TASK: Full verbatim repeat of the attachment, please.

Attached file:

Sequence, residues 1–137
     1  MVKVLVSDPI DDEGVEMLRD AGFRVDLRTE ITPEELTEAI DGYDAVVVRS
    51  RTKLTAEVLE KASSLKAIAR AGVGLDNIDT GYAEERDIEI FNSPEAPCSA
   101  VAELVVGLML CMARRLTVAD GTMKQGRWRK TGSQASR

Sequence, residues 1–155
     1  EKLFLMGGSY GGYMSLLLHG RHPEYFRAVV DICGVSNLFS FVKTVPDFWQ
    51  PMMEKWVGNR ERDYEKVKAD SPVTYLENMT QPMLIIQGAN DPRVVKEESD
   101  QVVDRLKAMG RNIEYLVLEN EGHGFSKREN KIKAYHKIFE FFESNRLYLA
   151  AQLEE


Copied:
Sequence, residues 1–137
     1  MVKVLVSDPI DDEGVEMLRD AGFRVDLRTE ITPEELTEAI DGYDAVVVRS
    51  RTKLTAEVLE KASSLKAIAR AGVGLDNIDT GYAEERDIEI FNSPEAPCSA
   101  VAELVVGLML CMARRLTVAD GTMKQGRWRK TGSQASR

Sequence, residues 1–155
     1  EKLFLMGGSY GGYMSLLLHG RHPEYFRAVV DICGVSNLFS FVKTVPDFWQ
    51  PMMEKWVGNR ERDYEKVKAD SPVTYLENMT QPMLIIQGAN DPRVVKEESD
   101  QVVDRLKAMG RNIEYLVLEN EGHGFSKREN KIKAYHKIFE FFESNRLYLA
   151  AQLEE